To be democratic, e-learning needs a common framework
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article imageTo be democratic, e-learning needs a common framework

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By Tim Sandle     Jul 2, 2020 in Internet
E-learning continues to grow as a learning tool. At its most effective it offers new aspects in an engaging way. To be fully-universal and democratic, in terms of equal access for the world's population, a common operating framework is necessary.
E-learning technology can help with the globalisation of educational institutions and with this the potential to breakdown geographical and social boundaries by offering distance learning education. This not only expands access but it can help drive the knowledge-economy and help with the integration of academic standards and views.
For e-learning to be effective, it is established that the activity requires a higher degree of self-motivation, self-directed learning, and greater persistence and commitment from the learner. There are also some other obstacles that need to be considered, including understanding how people learn and with developing a common, global framework.
Need for a common framework
For e-learning to expand, a common framework is required in order to address inter-operability issues and to ensure that platforms are accessible at the global level. A common standard will help to democratize the e-learning process. This fits with the vision of the Semantic Web (“semantic” indicates machine-processable or what a machine is able to do with the data). The Semantic Web is an extension of the World Wide Web through standards by the World Wide Web Consortium. The standards promote common data formats and exchange protocols on the Web. An additional aspect is to make Internet data machine-readable.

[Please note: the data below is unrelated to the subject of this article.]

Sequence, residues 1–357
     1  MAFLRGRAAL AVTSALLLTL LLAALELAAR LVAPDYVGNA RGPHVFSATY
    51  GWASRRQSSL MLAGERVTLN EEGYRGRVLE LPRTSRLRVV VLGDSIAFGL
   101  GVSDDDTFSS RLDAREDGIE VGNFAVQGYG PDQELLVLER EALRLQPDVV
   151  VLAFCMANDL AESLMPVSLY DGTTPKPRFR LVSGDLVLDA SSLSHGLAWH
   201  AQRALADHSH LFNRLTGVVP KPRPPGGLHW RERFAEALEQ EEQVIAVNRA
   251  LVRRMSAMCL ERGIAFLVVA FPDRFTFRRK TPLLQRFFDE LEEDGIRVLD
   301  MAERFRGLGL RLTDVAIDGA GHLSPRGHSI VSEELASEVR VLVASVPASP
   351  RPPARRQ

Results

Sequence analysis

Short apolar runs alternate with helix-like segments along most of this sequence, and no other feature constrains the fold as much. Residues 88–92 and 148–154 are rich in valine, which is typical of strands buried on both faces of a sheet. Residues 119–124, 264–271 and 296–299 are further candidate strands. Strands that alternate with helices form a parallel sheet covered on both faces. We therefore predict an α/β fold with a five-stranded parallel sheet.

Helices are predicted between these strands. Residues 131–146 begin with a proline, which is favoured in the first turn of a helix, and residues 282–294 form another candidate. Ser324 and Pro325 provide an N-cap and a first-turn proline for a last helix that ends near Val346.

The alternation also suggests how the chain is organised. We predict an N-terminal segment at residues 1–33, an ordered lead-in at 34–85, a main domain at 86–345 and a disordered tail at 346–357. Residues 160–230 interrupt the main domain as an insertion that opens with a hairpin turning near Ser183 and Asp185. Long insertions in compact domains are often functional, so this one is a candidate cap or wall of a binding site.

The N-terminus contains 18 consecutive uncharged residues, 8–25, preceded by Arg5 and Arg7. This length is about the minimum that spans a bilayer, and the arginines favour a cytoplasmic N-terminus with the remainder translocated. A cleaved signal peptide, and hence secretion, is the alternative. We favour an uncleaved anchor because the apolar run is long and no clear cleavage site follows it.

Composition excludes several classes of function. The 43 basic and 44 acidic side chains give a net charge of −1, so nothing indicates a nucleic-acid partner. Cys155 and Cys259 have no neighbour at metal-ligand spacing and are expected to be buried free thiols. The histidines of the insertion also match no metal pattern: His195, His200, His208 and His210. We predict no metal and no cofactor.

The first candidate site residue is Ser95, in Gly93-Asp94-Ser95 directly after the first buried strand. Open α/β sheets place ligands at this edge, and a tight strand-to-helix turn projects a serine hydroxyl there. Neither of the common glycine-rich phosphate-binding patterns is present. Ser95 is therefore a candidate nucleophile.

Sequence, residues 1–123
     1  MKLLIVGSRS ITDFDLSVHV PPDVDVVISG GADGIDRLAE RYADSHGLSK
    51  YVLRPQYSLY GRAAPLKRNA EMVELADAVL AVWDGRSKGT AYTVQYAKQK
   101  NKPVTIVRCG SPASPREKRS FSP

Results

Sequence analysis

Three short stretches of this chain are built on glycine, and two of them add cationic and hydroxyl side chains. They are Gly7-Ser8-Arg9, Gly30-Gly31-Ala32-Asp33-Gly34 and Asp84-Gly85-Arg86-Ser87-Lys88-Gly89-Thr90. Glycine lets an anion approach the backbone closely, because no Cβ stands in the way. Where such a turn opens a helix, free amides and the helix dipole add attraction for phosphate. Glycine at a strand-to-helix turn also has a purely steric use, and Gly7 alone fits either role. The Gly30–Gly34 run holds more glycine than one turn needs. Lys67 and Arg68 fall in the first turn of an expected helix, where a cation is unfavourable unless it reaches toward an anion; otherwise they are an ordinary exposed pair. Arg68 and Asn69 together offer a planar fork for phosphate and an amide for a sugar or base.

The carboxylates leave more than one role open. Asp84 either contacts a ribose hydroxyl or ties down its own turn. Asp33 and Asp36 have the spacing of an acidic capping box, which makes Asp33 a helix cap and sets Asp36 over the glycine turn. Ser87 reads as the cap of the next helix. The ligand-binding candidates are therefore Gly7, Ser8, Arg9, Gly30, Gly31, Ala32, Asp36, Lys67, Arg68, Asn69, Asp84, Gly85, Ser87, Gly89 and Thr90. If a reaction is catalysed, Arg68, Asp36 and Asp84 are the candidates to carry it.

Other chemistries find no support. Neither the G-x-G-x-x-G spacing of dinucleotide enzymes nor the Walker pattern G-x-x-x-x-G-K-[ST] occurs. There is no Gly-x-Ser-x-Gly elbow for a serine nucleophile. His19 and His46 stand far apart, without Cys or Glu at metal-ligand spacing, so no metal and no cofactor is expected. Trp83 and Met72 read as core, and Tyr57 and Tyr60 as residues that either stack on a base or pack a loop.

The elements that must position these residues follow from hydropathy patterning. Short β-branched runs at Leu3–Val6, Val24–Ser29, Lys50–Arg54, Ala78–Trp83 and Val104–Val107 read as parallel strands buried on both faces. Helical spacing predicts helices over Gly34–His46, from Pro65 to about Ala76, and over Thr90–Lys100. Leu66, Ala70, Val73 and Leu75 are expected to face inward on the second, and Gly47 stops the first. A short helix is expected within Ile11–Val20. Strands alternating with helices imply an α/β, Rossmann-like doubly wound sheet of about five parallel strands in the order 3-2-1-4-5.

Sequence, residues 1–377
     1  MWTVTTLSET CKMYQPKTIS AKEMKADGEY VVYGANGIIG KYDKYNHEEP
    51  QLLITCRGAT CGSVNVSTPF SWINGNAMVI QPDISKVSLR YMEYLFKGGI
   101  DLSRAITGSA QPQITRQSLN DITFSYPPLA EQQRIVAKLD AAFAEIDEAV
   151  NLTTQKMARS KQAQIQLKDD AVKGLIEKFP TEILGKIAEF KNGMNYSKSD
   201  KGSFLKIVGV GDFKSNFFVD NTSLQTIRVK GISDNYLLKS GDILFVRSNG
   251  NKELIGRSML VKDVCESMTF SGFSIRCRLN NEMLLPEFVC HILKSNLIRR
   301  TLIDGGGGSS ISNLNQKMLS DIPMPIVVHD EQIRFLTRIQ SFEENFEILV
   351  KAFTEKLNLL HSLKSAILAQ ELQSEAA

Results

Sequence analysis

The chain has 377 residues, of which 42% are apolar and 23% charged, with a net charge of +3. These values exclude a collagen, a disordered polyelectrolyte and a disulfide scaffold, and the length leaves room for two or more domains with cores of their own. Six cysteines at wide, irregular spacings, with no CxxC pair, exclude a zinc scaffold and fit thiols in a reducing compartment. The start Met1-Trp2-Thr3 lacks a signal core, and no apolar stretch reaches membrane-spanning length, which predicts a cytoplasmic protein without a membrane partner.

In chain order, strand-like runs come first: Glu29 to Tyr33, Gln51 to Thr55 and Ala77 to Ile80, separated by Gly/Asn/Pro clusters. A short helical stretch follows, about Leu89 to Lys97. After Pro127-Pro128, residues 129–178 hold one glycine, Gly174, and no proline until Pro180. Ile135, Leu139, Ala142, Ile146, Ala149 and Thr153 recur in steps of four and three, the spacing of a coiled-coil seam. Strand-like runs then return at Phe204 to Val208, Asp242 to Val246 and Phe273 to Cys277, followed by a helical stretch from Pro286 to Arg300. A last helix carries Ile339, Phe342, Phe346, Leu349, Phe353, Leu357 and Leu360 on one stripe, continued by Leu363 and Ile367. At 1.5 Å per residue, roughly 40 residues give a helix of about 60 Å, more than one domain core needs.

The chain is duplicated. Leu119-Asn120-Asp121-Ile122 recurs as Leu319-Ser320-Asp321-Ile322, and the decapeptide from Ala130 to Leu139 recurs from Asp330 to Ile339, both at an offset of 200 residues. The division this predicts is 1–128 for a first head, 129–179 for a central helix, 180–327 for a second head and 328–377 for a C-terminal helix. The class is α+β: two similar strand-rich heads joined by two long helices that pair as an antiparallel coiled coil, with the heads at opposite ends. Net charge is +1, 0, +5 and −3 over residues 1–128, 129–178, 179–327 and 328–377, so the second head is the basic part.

In terms of differences between the traditional web and the semantic web, the traditional web is formed of a web of documents, information resources, links between documents, unstructured data, implicit and semantics for human consumption. Whereas the semantic web is conceived as a 'web of data' composed of “real-world objects”, links between things, structured data, and explicit semantics for machines and humans. In other words, the goal of those driving the Semantic Web, concept, such as Tim Berners-Lee , is to enable computers to better manipulate information on our behalf.
Embedding educational theory
Attempts to develop e-learning without a thorough understanding of educational theory could lead to suboptimal learning. Here developers need to link up with educational specialists, drawing upon theories of the learning organization, sociocultural theories of learning, and cognitive theories of learning.
The most effective mechanisms for workplace learning using digital media appear to be integrating of theoretical knowledge with the practical experience of the trainee. In addition, learning programs that support implicit knowledge and which encourage collaboration and knowledge exchange between different groups of people, tend to be the most effective in terms of learning outcomes.
More about elearning, Learning, Interoperability
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